Top: Canada Lynx (Lynx candensis)
Bottom: Bobcat (Lynx rufus)
Despite both being members of the Lynx genus, the bobcat and Canada lynx did are not as closely related as one might think.
The Eurasian lynx (Lynx lynx) first arrived in North America approximately 2.6 million years ago, crossing over the Bering Land Bridge, and moved far to the south, eventually settling in the Southern half of North America and evolving into what we know as the modern bobcat by the time of the earliest human settlers to the land.
During the last Ice Age (22,000 years ago), the Eurasian lynx once again crossed into North America, along with the Homo sapiens who would eventually populate the continent. This second population evolved into the Canada lynx, which is much more closely related to their progenitors than the bobcats are.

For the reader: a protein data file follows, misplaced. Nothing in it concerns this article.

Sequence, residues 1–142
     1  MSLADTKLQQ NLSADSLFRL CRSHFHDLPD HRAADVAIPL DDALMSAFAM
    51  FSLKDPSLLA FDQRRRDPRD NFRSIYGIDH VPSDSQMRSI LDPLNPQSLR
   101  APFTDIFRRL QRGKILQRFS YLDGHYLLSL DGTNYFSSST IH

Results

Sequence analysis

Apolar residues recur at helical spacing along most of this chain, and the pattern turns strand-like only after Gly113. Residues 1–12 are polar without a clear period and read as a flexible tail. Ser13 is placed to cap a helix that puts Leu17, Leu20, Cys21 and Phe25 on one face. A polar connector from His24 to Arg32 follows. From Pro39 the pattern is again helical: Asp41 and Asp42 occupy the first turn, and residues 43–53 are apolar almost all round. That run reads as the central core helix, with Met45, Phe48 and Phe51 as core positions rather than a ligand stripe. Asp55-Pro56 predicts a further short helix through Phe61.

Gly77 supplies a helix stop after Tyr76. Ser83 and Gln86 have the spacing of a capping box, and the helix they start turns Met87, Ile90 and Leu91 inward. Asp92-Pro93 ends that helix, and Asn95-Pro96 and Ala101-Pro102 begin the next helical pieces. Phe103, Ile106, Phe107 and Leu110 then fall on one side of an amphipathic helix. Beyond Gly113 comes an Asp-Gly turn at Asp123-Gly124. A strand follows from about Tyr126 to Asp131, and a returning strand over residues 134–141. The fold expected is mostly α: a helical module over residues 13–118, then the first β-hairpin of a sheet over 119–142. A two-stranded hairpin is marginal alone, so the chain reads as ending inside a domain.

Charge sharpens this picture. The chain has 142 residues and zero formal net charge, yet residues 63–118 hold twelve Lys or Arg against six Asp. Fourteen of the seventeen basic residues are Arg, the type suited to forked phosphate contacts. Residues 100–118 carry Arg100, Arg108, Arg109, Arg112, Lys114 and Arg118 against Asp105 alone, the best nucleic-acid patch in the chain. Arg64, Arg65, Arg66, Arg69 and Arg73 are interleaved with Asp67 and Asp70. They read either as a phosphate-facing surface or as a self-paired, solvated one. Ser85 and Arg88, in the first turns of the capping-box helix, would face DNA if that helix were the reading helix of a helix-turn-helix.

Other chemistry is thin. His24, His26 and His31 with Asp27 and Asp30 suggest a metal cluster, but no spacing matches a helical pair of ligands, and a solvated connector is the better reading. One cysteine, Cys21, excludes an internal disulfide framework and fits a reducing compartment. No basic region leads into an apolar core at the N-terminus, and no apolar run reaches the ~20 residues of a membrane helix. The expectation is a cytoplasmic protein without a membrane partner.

The fur patterns of the bobcat vary drastically from region to region. Some southern bobcats are spotted almost identically to the ocelot, while others in the north are much closer to the faded-spot and grey-white coat of the Canada lynx. All bobcats are generally smaller than the lynx, and have tails about twice the length of other lynx species. They’re also generally more adaptable, as they will act as opportunistic predators when the need arises.
The Canada lynx can be discerned from the bobcat by, in addition to its size and tail, its distinctive striped ruffed collar, and tufts of fur above the ears.
Wild Animals of the World. Edward W. Nelson for the National Geographic Society, 1918.